Apple on Wednesday released version 1.4 of GarageBand for iOS, bringing a few enhancements to the mobile music production app, the most notable of which being support for third party app Audiobus. -- AppleInsider.
One week after Google revealed plans to shut down Google Reader, the developers behind popular RSS reader NetNewsWire announced that work on revamped iOS and OS X versions of the software is well underway, with the forthcoming rollouts said to add support for feed syncing. -- AppleInsider.
An Apple invention discovered on Thursday describes a system that could potentially save the most fragile components of an iPhone, such as the glass screen, by detecting when a device is falling and shifting the handset's center of mass to control its landing. -- AppleInsider.
A San Francisco activist, a local attorney, and the American Civil Liberties Union (ACLU) of Northern California collectively filed a civil lawsuit Wednesday against the City and County of San Francisco and its police chief, alleging that the activist's rights were violated when a police officer warrantlessly searched his cellphone at the time of his arrest in January 2012. -- Ars Technica.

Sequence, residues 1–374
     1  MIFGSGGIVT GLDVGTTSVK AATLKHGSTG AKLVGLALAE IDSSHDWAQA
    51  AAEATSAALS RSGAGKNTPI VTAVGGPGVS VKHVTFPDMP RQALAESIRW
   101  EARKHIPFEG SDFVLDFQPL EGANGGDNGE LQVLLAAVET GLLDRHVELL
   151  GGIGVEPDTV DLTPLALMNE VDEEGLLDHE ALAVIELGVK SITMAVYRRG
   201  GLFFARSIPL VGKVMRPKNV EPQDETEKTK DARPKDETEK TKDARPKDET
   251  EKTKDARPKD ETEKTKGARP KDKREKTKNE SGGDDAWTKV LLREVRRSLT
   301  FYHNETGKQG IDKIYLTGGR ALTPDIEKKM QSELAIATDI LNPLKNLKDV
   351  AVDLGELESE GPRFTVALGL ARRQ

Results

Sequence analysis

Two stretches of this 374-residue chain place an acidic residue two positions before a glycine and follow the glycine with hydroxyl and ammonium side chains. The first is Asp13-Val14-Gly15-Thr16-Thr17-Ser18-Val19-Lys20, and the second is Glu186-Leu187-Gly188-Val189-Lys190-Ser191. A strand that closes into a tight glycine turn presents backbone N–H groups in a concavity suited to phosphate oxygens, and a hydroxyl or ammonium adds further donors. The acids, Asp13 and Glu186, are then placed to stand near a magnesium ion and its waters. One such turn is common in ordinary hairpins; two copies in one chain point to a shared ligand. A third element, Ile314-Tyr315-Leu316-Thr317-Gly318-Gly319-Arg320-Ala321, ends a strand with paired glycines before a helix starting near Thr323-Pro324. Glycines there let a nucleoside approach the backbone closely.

I woke my MacBook Pro from sleep today and when I tried to play an iTunes track the Mac made no sound. I then noticed that the sound icon in the menu bar was gray. I went to the Sound system preference and it showed Digital Out in the output area and no listing for the Mac's internal speakers. What the heck? -- Macworld.
There are many ways to communicate with others using the tools Apple provides--text, voice and video chats, and posts to social networking sites. But the one most frequently used by many of us is email. You create an account, compose a message, slap on an attachment if you like, add a recipient and subject heading, and send.